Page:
Making connections
North Baffin communities linked by transit system

Kerry McCluskey
Northern News Services

ARCTIC BAY (Oct 04/99) - It's fitting that the only two communities connected by a road in all of Nunavut would seize the opportunity to utilize that 34-kilometre stretch of freedom to the best of their ability.

As well as hosting a nationally renowned marathon that attracted thousands of tourism dollars for 20 years, residents of Nanisivik and Arctic Bay have also had the wherewithal to set up a transit system to link the two North Baffin communities.

Ron Light, the general manager at Nanisivik mine, said the busy little bus provides a priceless service to residents hailing from both communities.

"It does provide a link and it provides us with the opportunity to continue to employ local residents. It's an essential service to the mine to bring the employees over from Arctic Bay," said Light, the GM since 1988.

"It goes back and forth from Arctic Bay for each shift."

Light explained that because there were very few personal vehicles owned by the more than 1,000 people living in the two hamlets, the bus service, along with other aboriginal incentive employment programs that were being developed, helped the mine keep Inuit residents of Arctic Bay on staff.

Conceived by Enokseot Holdings in 1976, the bus system changed hands four years ago and was taken over by Arquartuuq Services, owned by hamlet mayor and entrepreneur Moses Oyukuluk. Joining his fleet of loaders, dump-trucks and a taxi, Light said Oyukuluk, who contracts the service to the mine so the cost of the bus isn't absorbed by the employees themselves, also used it to ferry cruise ship passengers from the dock at Nanisivik to the airport.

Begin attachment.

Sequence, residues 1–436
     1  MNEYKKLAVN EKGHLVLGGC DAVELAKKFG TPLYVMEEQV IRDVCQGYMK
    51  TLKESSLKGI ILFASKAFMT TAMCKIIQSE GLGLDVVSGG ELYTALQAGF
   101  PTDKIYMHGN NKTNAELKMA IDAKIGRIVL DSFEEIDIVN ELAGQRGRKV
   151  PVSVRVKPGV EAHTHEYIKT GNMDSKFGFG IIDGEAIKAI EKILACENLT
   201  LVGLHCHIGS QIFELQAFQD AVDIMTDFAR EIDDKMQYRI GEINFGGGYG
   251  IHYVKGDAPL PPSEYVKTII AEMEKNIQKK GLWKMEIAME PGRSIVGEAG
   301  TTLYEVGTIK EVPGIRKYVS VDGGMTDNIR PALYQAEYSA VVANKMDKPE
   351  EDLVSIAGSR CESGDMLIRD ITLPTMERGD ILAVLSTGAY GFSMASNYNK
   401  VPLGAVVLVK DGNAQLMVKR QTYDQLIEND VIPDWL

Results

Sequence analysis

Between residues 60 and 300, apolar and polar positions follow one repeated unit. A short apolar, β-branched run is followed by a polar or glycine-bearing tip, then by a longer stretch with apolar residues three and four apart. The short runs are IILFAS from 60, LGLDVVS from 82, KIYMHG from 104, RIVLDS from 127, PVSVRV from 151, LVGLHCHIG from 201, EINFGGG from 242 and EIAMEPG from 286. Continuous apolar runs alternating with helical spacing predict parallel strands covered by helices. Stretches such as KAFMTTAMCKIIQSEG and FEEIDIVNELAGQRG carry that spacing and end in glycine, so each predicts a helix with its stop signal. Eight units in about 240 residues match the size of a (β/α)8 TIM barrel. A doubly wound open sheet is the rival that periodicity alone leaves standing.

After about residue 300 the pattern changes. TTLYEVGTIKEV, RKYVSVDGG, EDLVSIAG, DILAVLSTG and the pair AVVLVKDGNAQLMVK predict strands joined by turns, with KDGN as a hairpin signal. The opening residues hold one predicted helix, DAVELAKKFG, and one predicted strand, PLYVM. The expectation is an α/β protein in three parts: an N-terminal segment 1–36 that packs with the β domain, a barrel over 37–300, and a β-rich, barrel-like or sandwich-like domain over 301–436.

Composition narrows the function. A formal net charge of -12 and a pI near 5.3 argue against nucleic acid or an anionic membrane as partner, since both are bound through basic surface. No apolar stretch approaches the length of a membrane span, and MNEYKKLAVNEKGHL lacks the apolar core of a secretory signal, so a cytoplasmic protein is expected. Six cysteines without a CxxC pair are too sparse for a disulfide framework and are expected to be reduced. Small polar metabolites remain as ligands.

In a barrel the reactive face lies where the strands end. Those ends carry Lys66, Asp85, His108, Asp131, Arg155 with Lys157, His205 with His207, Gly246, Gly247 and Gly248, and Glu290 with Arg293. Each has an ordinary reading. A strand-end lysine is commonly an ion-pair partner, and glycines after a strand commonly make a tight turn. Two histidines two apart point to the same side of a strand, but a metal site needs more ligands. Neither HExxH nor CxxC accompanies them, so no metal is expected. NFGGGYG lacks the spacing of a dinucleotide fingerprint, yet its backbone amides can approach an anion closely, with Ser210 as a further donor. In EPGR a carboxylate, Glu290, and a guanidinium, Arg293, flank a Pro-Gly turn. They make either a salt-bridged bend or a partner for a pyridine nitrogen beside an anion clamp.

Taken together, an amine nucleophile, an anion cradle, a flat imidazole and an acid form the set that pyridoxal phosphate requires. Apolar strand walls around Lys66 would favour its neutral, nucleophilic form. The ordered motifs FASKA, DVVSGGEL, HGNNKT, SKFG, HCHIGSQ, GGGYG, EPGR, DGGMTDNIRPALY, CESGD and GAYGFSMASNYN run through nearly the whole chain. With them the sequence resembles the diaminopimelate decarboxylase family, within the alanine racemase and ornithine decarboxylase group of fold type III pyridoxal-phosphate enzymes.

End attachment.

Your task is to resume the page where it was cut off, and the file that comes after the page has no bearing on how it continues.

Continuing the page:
Light further added that the bus provided a valuable social service to mine workers and to the dwellers of Arctic Bay.

"Arctic Bay residents usually come over if the community club is having a dance or function at the recreation centre and lots of people come over for the recreation facility and to swim in the pool on Sundays."

Nanisivik employees hop on the bus to play hockey in Arctic Bay in the winter months and Light said the communities used it to get to each other's religious and Christmas gatherings.

Nataq Levi, an apprentice electrician who has worked at the mine for eight years, rides the bus six days a week for 13-week stretches. He said the trip could be a bit of an adventure, weather depending. He also noted that the rugged terrain and varying sea levels along the 34-kilometre stretch also makes for an interesting ride.

"It can be nice and clear and you can see the bay and then you're in the mountains and you see snow and you keep going and you're back into summer again."